I am traveling with Stephanie Schneiderman of Tia Stephanie Tours. She made this trip on her own three times to research the villages and put the tour in place before opening it up in 2013 to textile lovers and collectors.

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This is the land of fresh fish, seafood stew, a paella-like dish called arroz a la tumbada and ceviche. It is where women have been weaving on back-strap looms and creating glorious embroidered designs for centuries. They are preserved because the region is remote. The conquistadors were more interested in gold, silver and cochineal.

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It’s the end of the rainy season. From the airplane window as we descend into Veracruz, I see the rivers below are full. The earth is forest, spring, olive and lime green. It is the middle of October. I see the blue waters of the Gulf of Mexico in the distance. It is low, flat and warm here. The port city is Mexico’s most important shipping and naval center.

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Our Gran Hotel Diligencias is on the Zocalo across from a stark white cathedral. The square is filled with outdoor restaurants,  son jarocho music and dancers, and late night lechero coffee drinkers. It’s colonial architecture reflects the sequence of conquests: Spain, France and the United States of America.

I will be here for two days before our textile journey begins.

Chipil Grows Wild in North Carolina

Jose is with us today helping Stephen in the yard, clearing out the woodshed in preparation for winter, sorting through the detritis of a cluttered garden shed, and making a haul or two or three to the dump.  He and his wife just had a new baby boy, his third, three weeks old.  They named him for the king of birds.  “It’s a Native American name,” he tells me. “Those are my roots.  I am indigenous.”  His high cheekbones and sculpted Mayan-like profile speak to that.  Jose is from Veracruz, Mexico.  It is a place I’ve never been, but he speaks of it fondly.  His parents and some siblings are still there.  He hasn’t seen them since he came to the U.S. some years ago.  I suspect he is not documented, but it’s another version of “don’t ask, don’t tell.”  This is his third boy, age three weeks.  All the children were born here in North Carolina and that makes them citizens.  When we talk about this, I can see Jose is proud.  The two older ones, age seven and eight are getting an education and there is hope that there will be work for them that pays a good wage when they come of age.  Not like home.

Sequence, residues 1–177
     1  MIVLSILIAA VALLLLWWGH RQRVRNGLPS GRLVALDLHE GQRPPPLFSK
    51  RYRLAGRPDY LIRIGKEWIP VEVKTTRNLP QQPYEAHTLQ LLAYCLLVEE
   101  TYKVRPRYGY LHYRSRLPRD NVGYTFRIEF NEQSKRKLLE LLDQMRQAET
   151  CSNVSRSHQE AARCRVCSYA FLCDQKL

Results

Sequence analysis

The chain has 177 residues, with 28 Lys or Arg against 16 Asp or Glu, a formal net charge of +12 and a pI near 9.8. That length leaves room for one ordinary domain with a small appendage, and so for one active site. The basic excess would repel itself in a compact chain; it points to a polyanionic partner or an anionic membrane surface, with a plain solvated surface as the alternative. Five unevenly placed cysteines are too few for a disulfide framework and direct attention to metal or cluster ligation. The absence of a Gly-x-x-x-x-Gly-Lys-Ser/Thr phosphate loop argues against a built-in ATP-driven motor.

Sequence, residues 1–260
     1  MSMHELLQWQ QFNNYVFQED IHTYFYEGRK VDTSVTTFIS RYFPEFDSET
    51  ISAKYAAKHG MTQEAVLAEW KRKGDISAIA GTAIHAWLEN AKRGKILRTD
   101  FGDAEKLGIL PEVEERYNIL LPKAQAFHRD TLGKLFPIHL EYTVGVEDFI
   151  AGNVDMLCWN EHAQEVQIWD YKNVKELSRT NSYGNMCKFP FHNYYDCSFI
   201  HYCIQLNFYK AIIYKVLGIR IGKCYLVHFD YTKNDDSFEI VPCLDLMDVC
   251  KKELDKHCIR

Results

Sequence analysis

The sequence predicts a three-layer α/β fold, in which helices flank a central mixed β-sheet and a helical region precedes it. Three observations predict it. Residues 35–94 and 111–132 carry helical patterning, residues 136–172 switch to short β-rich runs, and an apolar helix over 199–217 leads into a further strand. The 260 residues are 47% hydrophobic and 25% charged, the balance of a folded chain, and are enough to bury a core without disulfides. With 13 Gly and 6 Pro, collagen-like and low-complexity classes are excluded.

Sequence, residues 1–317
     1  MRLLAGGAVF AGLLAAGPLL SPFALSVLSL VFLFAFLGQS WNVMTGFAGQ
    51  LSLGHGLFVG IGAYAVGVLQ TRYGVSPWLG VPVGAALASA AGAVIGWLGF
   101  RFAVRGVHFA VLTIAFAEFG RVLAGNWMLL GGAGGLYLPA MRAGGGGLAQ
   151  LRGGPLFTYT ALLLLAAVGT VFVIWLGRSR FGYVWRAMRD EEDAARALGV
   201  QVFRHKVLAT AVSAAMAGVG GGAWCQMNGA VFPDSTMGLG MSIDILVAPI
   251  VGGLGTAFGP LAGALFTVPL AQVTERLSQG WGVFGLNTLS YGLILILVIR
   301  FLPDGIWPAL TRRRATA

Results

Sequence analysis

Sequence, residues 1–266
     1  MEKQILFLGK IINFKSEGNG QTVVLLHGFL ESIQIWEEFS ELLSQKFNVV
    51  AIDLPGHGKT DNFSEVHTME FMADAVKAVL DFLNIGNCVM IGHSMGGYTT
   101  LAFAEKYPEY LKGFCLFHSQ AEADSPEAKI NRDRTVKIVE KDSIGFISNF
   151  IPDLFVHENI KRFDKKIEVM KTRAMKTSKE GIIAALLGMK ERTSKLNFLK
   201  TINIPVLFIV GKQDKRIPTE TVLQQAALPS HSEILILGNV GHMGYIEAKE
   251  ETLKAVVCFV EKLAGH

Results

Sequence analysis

https://i2.wp.com/upload.wikimedia.org/wikipedia/commons/b/bd/Tamal_chipil%C3%ADn.jpg?resize=408%2C329

Image by www.nicksaumphotography.com

We are talking about food.  “Did you know chipil is growing in my garden,” he says to me, more of a statement than a question.  Chipil is a green leafy herb that grows wild in the Oaxaca countryside.  It is plentiful in our village of Teotitlan del Valle, is gathered and sold in the daily market, and used for flavoring much like cilantro.  “I don’t know how it got there” Jose says.  “Maybe a bird brought it in.”    I think, perhaps, or another immigrant in his neighborhood missed this herb so much that he brought it back with him when he returned and the seeds scattered.  I think of how indigenous people use what is given to them from the land — a centuries, millenia old practice.

Ah, chipil, I say.  The aroma of a mint-like parsley comes to mind.  That’s what is used to flavor tamales and squash blossom corn soup, yes?  “Yes,” says Jose, and I see the faraway look in his eyes.  Are you homesick, I ask.  “Sometimes,” he says.  “But, the work here is good and I am happy to be living here.”  We are grateful for his work, too, and for his company.  He is a bright, handsome young man who gives us a hand when we need it most.

http://en.wikipedia.org/wiki/chipilin